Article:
Assessment of the Entropy of Spatial and Time Distributions of Rooms Daylighting: A Possible Tool for a Sustainable Design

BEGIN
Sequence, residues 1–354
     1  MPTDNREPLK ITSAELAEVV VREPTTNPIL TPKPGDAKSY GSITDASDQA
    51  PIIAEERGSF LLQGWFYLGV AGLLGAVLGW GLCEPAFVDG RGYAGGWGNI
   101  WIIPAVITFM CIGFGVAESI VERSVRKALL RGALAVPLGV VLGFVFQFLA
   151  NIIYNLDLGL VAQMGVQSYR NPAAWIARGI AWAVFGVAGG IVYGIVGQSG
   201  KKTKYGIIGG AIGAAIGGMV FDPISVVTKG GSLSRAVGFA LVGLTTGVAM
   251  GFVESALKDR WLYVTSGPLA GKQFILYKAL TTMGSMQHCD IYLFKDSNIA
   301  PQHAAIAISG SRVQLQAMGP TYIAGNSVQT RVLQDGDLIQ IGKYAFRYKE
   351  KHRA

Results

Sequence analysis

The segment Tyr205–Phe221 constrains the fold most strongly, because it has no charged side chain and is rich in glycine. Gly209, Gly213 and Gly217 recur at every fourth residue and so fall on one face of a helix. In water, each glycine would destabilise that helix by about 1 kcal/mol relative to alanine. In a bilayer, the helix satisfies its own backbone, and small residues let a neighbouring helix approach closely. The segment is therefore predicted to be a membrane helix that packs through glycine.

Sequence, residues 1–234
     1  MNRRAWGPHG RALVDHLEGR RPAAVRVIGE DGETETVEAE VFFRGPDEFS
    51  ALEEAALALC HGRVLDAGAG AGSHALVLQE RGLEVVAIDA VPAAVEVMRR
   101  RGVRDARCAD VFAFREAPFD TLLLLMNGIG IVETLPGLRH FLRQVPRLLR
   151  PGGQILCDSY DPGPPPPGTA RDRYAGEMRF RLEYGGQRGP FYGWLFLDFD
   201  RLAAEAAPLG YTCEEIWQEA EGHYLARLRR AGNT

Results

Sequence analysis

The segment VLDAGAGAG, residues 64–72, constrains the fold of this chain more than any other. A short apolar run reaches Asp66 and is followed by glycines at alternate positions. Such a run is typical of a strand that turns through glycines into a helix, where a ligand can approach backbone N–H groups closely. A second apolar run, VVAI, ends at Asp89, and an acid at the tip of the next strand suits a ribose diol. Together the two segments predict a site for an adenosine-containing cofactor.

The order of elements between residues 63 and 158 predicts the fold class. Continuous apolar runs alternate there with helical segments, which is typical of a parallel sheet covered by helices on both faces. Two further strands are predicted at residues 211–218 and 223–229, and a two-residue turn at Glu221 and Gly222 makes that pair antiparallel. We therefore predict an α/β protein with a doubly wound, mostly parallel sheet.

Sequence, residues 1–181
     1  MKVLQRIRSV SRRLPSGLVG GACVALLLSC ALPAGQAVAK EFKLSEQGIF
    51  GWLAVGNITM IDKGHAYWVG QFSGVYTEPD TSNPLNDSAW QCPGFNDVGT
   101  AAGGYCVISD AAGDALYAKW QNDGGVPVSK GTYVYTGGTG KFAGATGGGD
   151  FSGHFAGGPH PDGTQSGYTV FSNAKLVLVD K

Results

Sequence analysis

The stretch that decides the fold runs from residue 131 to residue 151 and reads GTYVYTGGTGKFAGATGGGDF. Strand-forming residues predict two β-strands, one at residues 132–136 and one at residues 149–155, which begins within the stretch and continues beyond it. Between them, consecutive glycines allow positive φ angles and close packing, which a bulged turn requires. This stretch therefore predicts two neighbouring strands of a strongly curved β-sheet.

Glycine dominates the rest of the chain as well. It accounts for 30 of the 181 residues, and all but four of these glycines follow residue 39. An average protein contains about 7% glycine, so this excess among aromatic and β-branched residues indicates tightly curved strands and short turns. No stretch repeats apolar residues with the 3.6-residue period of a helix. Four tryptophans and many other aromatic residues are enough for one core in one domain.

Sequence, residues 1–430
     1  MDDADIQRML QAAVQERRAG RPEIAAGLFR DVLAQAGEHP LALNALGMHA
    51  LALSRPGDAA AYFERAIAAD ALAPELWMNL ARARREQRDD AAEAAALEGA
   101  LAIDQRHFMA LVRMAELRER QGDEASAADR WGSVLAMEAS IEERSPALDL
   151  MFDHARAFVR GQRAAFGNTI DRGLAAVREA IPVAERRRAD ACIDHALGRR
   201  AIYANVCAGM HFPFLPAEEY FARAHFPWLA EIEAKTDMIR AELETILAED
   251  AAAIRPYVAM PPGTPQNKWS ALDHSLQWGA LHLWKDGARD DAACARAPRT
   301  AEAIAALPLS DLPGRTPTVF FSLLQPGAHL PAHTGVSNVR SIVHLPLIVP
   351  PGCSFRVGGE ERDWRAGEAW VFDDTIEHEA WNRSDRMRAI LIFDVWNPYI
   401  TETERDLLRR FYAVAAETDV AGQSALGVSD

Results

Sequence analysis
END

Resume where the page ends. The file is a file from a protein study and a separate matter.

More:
The indoor visual comfort of subjects faced with indoor ambient lighting varies with the position of the subject and is not constant over time. Average performance indexes, such as the mean value of Daylight Factor and Daylight Autonomy, are commonly used to analyse lighting distribution. These indexes, however, don’t properly take into account either the spatial or the time distribution of values affecting the non-uniformity of environmental lighting. Indeed, these are limited to the definition of a mean value or to the assessment of time availability of daylighting. This paper examines spatial and temporal non-uniformities in indoor lighting as possible causes of discomfort for occupants. The goal is to propose and verify possible supplementary tools to integrate traditional methods of evaluating ambient indoor lighting. Use of the entropy theory with a probabilistic approach can help to obtain more detailed information about the environment. The authors have developed a case study of several sample environments and have analysed the relationships between lighting parameters and typical indices of information theory. Results show that this approach could be a useful way for predicting possible indoor visual comfort issues and for developing a preliminary assessment to a sustainable building design.